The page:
Man of Steel in town this week

Year’s most anticipated movie arrives with hopes of successfully furthering the adventures of the most iconic of all superheroes, Superman.

Continuing what’s been a fairly decent summer movie season so far, the year’s most anticipated movie arrives with high hopes of successfully furthering the adventures of the most iconic of all superheroes, Superman. Henry Cavill dons the cape as Kal-El, the only survivor of the doomed planet Krypton, sent to earth as a baby by his father Jor-El (Russell Crowe).

Part origin story and part continuation of the mythology, it’s a smartly structured blend of ‘Superman’ and ‘Superman II’ that flashes to Kal-El’s childhood, filling us in on adoptive parents, the Kents (Kevin Costner and Diane Lane) who bring him up as Clark. It’s this that gives the film a real emotional depth, as Clark struggles with who he is, coming to terms with his powers in a film about choices and decisions on a massive scale.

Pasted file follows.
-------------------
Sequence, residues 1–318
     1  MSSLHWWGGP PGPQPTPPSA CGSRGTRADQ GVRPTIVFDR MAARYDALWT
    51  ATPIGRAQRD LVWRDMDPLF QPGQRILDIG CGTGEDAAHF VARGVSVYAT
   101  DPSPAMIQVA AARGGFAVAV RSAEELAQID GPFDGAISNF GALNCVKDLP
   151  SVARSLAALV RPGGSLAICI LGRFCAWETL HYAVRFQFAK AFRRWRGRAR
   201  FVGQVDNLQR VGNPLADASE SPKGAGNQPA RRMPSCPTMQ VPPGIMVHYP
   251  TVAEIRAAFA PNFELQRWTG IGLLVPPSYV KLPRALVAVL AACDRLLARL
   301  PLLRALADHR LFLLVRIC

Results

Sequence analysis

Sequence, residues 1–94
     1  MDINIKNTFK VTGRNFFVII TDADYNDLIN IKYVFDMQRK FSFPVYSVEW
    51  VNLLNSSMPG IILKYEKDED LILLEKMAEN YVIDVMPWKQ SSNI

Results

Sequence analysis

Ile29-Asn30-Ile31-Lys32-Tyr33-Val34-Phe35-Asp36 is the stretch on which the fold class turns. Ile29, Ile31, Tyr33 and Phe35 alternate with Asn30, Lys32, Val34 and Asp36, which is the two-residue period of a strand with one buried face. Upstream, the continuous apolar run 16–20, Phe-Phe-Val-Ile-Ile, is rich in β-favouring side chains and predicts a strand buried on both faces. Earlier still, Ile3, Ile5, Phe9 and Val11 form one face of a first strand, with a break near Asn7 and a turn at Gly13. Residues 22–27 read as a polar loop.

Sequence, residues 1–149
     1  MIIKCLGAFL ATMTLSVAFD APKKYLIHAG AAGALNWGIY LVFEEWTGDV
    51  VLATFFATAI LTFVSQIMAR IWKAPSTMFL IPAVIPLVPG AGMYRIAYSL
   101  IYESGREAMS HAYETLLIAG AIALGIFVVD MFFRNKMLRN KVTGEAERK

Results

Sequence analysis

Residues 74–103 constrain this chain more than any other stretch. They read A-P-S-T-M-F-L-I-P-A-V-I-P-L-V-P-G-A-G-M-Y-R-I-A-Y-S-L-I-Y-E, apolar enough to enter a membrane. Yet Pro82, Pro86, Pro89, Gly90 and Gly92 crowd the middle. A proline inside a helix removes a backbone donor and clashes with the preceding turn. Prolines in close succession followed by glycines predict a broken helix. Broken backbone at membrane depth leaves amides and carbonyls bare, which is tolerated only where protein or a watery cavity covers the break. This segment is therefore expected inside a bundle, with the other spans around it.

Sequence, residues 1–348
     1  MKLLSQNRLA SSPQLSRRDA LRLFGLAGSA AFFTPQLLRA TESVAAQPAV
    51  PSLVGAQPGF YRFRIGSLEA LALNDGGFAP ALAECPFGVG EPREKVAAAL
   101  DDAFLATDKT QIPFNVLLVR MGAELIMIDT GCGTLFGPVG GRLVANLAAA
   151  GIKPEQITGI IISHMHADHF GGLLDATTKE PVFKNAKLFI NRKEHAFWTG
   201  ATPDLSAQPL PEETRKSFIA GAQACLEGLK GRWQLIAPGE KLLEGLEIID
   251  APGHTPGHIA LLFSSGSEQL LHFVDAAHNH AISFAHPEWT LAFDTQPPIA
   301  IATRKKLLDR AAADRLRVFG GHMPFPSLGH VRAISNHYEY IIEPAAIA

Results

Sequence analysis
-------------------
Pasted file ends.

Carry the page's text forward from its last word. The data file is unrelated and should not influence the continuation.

‘Man of Steel’, which was directed by ardent comic-book fan Zack Snyder. It treats Superman not just with a purist’s respect, but with old-school, Golden Age awe. There’s no anguish here, and little irony. (If you’re expecting corny gags about telephone booths, don’t.)

But then General Zod arrives. And suddenly it’s on. General Zod (Michael Shannon), who was banished from Krypton and has made it to earth with plans of resurrecting his planet at the expense of ours. A properly menacing Shannon facing off against the perfectly cast Cavill is the backbone of an exciting adventure, while Amy Adams adds strength and intelligence as Lois Lane.

The film sets out to explain what we loved about this character to begin with. True, it gets off to a slow and uncertain start, rehashing Superman’s Krypton origins. Every fan knows this story already, and it doesn’t add much; it would have been riskier, and more exciting, to skip Krypton, and even Smallville, and pick up with Superman as an adult.

The action is truly cataclysmic, fully recognizing the fact that these are near indestructible super-beings fighting, so when they hit each other, they stay hit, and entire cities crumble in their wake. It’s stunning stuff, with director Snyder gleefully taking advantage of the $200 million budget available to him as all memories of the disappointing ‘Superman Returns’ are wiped clean. ‘Man of Steel’ opens this Friday at the Beacon Theatre.

 

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